It is known that promoting economic development has various dimension and it is complex. Among these dimensions some are : raising people leaving levels, i.e. their consumption levels of food and incomes, education, medical services, etc, through the establishment of economic, social and political systems and institutions creating conditions conductive to the growth of people’s self – esteem which promote human dignity and respect; and improving people freedom to choose by enlarging their choice variables. Getahun (2002).
Generally recognized as a main factor of economic growth, micro and small enterprises (MSEs) contribute to employment, redaction of poverty and distribution of wealth and opportunity in most developing countries. Because of a set of limitations and problems they encounter on their path, however, the potential role of MSEs is often not realized. Most of MSEs lack schooling, capital, grills, technical know-how and information producing at best only and simple products. Netsanet (2009).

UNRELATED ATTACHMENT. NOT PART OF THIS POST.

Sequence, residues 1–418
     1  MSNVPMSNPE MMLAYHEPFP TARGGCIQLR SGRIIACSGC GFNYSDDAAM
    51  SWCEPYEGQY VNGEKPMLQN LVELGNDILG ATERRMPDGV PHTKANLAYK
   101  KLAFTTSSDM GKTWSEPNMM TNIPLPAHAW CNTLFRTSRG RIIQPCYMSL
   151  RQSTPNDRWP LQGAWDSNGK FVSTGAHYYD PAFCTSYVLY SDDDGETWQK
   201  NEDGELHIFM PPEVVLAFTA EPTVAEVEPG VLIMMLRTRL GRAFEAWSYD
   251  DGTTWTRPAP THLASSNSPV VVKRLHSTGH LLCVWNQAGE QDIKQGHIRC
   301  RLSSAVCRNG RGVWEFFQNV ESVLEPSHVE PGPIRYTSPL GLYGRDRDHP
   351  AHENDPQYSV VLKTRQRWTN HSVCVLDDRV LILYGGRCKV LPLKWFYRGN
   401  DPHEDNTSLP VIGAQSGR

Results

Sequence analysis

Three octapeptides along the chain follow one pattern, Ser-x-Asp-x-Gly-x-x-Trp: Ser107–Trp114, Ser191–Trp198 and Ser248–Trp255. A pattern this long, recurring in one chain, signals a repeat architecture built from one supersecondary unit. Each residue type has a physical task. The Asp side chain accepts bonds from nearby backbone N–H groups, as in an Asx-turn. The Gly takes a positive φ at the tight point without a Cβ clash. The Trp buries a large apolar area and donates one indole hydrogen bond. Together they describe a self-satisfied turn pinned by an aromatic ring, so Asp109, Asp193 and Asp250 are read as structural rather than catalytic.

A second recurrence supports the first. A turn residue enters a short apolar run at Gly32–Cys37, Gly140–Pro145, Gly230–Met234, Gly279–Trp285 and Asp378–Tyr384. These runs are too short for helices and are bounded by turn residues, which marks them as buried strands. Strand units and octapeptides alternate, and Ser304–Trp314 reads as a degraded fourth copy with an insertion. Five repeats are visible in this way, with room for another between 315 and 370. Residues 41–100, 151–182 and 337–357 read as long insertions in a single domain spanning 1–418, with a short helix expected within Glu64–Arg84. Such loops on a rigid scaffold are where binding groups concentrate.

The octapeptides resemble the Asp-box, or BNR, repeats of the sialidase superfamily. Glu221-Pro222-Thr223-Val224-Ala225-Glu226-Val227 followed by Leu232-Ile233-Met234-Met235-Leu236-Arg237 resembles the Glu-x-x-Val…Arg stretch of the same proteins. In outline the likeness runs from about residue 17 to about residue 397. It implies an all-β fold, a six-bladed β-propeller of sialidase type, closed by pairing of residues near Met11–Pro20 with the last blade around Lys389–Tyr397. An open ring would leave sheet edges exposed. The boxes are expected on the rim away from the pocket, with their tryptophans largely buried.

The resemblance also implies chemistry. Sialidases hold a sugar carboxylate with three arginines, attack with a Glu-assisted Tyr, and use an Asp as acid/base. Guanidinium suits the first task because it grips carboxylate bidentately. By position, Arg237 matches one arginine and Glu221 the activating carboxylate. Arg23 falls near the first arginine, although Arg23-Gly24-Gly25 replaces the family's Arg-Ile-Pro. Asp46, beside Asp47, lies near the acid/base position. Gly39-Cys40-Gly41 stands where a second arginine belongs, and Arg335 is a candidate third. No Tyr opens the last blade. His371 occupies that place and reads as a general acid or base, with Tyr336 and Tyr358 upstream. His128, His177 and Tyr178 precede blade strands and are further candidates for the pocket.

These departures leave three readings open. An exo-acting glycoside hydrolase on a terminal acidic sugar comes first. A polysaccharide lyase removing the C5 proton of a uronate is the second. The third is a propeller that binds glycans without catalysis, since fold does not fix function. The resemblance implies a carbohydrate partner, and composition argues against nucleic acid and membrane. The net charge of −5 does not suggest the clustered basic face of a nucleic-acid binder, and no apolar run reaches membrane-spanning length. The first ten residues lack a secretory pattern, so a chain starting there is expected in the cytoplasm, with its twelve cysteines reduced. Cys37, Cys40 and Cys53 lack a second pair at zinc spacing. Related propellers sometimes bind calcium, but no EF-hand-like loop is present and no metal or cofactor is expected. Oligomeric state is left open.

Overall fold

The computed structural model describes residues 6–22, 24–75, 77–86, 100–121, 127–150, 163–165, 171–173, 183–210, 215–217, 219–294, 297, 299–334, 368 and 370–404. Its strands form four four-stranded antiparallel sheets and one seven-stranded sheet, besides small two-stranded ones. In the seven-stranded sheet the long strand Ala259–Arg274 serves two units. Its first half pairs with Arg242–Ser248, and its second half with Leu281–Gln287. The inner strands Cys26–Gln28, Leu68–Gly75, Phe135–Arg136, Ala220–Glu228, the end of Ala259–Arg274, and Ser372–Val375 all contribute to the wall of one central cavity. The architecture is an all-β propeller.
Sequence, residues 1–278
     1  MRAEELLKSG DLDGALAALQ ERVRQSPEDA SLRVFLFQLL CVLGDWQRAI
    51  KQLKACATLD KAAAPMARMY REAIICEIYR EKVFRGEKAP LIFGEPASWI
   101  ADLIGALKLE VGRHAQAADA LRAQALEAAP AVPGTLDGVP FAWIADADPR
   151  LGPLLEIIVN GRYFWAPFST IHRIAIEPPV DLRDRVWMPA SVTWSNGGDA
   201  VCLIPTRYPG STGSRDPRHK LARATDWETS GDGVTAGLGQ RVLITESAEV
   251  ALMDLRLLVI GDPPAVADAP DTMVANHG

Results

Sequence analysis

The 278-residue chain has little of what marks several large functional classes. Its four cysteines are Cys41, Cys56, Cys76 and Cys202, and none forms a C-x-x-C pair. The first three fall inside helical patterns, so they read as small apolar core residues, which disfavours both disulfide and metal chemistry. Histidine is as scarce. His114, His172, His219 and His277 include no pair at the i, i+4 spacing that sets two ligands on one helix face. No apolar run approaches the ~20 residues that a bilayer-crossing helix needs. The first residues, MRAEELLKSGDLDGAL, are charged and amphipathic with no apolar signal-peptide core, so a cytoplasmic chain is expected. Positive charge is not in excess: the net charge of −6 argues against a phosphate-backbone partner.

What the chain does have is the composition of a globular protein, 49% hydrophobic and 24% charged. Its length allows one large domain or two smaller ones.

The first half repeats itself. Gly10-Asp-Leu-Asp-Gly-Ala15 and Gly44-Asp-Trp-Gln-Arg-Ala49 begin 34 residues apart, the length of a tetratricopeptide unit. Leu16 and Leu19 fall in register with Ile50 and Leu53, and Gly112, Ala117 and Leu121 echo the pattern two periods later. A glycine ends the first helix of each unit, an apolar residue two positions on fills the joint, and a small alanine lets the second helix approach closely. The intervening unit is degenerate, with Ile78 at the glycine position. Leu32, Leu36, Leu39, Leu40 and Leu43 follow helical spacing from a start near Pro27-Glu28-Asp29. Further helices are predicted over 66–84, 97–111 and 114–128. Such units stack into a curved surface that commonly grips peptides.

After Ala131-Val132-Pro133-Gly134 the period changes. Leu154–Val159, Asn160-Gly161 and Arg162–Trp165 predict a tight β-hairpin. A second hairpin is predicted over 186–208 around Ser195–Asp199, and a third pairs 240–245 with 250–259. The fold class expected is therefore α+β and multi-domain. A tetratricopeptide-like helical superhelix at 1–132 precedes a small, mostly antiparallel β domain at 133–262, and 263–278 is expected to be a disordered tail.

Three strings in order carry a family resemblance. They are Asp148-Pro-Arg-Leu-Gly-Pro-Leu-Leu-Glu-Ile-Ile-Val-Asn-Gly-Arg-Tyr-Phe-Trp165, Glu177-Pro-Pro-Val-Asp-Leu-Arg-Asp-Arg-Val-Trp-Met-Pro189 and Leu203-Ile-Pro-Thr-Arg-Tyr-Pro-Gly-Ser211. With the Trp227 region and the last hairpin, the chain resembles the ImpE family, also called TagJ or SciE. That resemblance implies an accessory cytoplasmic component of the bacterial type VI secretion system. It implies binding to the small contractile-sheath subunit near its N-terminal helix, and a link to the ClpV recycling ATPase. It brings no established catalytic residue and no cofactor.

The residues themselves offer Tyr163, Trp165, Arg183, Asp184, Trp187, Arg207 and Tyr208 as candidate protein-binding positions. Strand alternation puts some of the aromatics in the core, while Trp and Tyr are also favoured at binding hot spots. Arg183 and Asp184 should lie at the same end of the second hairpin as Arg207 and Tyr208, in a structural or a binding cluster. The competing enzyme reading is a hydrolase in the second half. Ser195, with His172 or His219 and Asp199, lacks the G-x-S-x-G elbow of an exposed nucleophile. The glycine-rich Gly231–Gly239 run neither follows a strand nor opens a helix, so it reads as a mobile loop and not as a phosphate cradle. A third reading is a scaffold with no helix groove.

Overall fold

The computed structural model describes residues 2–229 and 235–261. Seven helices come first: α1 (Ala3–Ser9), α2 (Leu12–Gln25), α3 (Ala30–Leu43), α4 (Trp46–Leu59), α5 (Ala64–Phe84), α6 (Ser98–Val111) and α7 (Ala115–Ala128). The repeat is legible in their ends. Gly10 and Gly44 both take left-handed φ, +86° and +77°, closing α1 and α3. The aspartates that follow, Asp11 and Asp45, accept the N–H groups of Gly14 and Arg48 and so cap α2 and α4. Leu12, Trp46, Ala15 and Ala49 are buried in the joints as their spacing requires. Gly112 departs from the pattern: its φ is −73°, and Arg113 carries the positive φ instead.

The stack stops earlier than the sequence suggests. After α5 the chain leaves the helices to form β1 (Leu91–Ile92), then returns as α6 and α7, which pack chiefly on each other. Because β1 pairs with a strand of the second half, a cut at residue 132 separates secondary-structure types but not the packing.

It is widely recognized that formal financial institutions leave the poorer population tightly constrained in their access to financial services. On the other hand economic progress relies mainly on access to financial services such as insurance, credit, and savings. Credit unions and micro finance institutions can fill some of the gap, where formal financial institutions fail the large part of the poor population. Alemayehu (2008).
The case of Bangladesh
The model of micro finance in Bangladesh, as it originated at Grameen Bank, involved tiny loans to women with fixed terms and amounts, group liability, weekly meetings, forced payments into a group savings account, and a set of 16 social pledges chanted each week while standing at attention.